Brands Must Avoid Assumptions When Targeting Millennials

by Gregg on December 7, 2012

I ran across a great infographic this week about Millennials that has plenty of food for thought for brands. Millennials are people in the 18- to 29-year-old age range that make up 20 percent of the adult U.S. population, according to Scarborough Research, author of the infographic (which is a free download).

What strikes me about Millennials – both from the infographic and the ones I happen to know – is that they’re intelligent. Arguably, they grew up with more access to knowledge than any previous generation, thanks in large part to the Internet. That’s profoundly shaped their values and, hence, what they choose to support, including brands.

I think there are negative perceptions about Millennials; indeed, a story posted today on Ragan’s PR Daily says Millennials have a "PR problem … [T]hey’re deemed lazy, selfish, spoiled, entitled, cheap, murderous, despotic—you get the point." But the statistics in the infographic seem to refute those charges and make them look like assumptions. And to me, any brand making those assumptions is missing a prime opportunity to engage and connect with an audience that is likely to be brand loyal for the long term.

Here are my insights on the statistics in the infographic:

  • They’re not really impulse shoppers, so they’re going to compare brands. Fifty-nine percent classify themselves as "Savers" rather than "Spenders," and just 27 percent would buy something on credit instead of waiting. A whopping 65 percent compare prices across different websites before buying online.
  • They expect their brands to be socially responsible. Thirty-seven percent want their brands to support social causes, while 46 percent are more likely to buy a brand that supports a charity. Forty-seven percent are willing to pay more for an environmentally safe product.
  • They value their diversity. Forty-three percent of Millennials – almost half! – identify themselves as other than Caucasian, compared with 38 percent of Generation X (my generation) and 26 percent of Baby Boomers (my folks’ generation).

What’s the bottom line? Millennials are looking beyond the price of a product; they want to support a brand that cares about the same things they do, and are willing to seek out those brands. They grew up with the Internet and cellular technology, so they have the means and the understanding to make cogent comparisons and decisions. They’re social and aren’t afraid to share their opinion, especially through social media channels.

Good line from the Ragan’s PR Daily article: " [B]rands that communicate a purpose and a cause often break through … Overall, [Millennials] demand value: How are you adding value to their lives?”

But to me, those most important thing is this: All of those qualities are ingrained in Millennials, which is bad news for any brand not willing to contour its strategy to account for that.

Image credit to Scarborough Research.

{ 1 comment… read it below or add one }

Michelle Laycock December 8, 2012 at 4:34 pm

Interesting. While I’m a Gen X (married to a Baby Boomer), I find it interesting that I shop more like a Millennial.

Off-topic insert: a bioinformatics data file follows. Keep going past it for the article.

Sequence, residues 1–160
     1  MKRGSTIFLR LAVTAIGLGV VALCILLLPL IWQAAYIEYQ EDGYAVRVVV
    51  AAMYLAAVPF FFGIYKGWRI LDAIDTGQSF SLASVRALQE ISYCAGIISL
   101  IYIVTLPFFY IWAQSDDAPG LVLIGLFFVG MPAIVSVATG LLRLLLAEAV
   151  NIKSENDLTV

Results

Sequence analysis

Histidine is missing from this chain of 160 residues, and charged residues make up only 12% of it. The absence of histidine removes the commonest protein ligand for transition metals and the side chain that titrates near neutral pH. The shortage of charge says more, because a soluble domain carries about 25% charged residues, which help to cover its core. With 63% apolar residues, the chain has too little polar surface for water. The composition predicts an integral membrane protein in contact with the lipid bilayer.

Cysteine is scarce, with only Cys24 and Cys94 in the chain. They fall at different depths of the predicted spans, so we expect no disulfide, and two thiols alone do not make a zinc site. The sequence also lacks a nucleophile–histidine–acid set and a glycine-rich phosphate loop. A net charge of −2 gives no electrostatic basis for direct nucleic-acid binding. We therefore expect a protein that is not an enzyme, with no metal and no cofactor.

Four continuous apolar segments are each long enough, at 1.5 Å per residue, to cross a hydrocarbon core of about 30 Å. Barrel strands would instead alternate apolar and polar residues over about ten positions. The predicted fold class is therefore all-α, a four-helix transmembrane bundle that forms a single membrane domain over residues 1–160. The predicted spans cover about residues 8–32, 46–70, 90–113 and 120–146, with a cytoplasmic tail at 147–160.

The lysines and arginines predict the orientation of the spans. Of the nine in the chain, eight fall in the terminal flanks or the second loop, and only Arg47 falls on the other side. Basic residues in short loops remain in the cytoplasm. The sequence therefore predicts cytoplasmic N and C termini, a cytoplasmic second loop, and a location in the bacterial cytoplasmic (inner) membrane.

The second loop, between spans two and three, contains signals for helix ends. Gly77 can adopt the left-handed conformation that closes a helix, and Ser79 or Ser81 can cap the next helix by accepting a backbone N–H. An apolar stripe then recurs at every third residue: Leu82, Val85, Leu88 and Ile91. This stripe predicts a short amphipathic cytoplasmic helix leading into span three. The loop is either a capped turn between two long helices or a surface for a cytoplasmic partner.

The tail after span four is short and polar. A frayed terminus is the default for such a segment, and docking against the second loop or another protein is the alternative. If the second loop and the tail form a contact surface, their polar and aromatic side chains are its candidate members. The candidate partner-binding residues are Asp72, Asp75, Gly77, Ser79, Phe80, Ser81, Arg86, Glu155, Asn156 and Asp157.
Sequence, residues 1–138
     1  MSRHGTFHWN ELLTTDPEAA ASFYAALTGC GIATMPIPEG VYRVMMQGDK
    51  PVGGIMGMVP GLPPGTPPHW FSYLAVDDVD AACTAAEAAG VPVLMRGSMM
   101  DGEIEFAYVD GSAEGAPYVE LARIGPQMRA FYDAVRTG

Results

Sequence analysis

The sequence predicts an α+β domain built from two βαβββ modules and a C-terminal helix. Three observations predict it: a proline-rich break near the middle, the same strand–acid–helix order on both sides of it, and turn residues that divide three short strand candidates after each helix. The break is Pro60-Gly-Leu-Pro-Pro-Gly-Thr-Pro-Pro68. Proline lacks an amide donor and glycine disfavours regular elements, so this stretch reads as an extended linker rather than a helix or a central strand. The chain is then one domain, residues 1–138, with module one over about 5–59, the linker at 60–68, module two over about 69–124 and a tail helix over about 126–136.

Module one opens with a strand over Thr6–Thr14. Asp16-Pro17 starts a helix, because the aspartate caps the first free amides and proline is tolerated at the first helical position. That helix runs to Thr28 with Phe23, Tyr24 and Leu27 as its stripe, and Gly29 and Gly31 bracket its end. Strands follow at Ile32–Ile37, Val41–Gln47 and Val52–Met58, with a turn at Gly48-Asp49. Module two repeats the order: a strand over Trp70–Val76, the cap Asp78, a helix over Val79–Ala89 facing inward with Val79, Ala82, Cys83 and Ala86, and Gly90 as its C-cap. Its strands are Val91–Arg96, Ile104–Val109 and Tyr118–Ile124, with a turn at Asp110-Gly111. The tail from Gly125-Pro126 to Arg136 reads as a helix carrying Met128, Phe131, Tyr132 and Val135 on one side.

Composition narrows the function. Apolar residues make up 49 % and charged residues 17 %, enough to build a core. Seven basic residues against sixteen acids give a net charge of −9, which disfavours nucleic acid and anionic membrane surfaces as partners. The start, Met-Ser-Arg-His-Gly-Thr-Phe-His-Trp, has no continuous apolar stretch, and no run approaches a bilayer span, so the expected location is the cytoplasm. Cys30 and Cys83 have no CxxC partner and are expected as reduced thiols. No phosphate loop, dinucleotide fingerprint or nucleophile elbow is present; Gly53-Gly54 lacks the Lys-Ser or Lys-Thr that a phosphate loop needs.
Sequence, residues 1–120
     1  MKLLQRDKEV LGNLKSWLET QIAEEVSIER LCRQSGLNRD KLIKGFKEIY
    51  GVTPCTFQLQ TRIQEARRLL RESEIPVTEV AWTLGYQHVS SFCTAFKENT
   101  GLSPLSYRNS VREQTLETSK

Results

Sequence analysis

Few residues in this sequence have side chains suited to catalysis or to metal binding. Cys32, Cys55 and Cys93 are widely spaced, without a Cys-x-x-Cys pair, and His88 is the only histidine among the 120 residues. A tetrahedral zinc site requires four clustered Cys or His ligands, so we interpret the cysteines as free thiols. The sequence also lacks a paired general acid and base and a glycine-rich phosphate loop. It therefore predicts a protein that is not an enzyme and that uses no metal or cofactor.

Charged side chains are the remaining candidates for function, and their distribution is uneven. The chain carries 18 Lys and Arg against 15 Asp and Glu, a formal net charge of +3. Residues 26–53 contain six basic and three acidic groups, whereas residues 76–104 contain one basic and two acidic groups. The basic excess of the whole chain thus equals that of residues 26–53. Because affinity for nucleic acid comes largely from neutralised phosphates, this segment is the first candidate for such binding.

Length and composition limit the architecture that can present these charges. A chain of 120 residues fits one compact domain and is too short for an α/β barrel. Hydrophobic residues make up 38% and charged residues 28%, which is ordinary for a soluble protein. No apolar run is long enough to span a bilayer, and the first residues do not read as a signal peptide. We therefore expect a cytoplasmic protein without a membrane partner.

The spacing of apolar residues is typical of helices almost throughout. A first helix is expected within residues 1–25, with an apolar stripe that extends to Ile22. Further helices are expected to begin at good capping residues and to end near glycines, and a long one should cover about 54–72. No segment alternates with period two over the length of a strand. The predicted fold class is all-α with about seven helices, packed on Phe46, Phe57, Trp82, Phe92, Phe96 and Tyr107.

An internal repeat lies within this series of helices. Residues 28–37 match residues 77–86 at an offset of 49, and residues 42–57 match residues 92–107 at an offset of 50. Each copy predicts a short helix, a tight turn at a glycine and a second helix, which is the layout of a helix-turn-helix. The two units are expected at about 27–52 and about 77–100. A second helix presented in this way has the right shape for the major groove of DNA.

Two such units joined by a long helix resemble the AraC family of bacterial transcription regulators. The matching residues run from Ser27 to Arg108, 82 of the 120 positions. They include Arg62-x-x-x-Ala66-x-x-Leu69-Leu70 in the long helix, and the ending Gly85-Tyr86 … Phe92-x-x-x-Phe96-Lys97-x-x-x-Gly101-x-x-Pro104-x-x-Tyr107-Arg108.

“They’re not really impulse shoppers, so they’re going to compare brands. Fifty-nine percent classify themselves as “Savers” rather than “Spenders,” and just 27 percent would buy something on credit instead of waiting. A whopping 65 percent compare prices across different websites before buying online.”

I ALWAYS do this.

“They expect their brands to be socially responsible. Thirty-seven percent want their brands to support social causes, while 46 percent are more likely to buy a brand that supports a charity. Forty-seven percent are willing to pay more for an environmentally safe product.”

I also strongly believe in spending your money at socially responsible companies. I never shop at WalMart, and I try to avoid Big Box stores in general. I can’t remember the last time I walked into one. It has been years. I use Privacy Score http://privacyscore.com and only shop at stores with good scores here. I actively keep updated on product safely using EWG: http://www.ewg.org including making sure the products I buy have not been tested on animals, I make sure the animals I care for are fed the best food made with sound ingredients by using the resources here: Truth About Pet Food: http://www.truthaboutpetfood.com, And if I do need to shop at a national chain, I do so via GoodSearch, http://www.goodsearch.comand the companies I shop with here donate a portion of my purchase to the charity of my choosing (namely KindredKitties.org). I also seek out chemical free cleaning solutions whenever possible.

This may seem over the top for some, but in reality, its simply a lifestyle decision that anyone can make in their lives to make sure the dollars they spend are being used wisely be those who receive them. It is much easier than it looks for everyone (Gen X AND Baby Boomers) to change this behavior in their lives and the results can be lifelong satisfaction that you are making ethical choices.

I’ve been contemplating writing a blog on my lifestyle, to share this information with other Gen X and Baby Boomers. Just thinking about how to approach it at this time.

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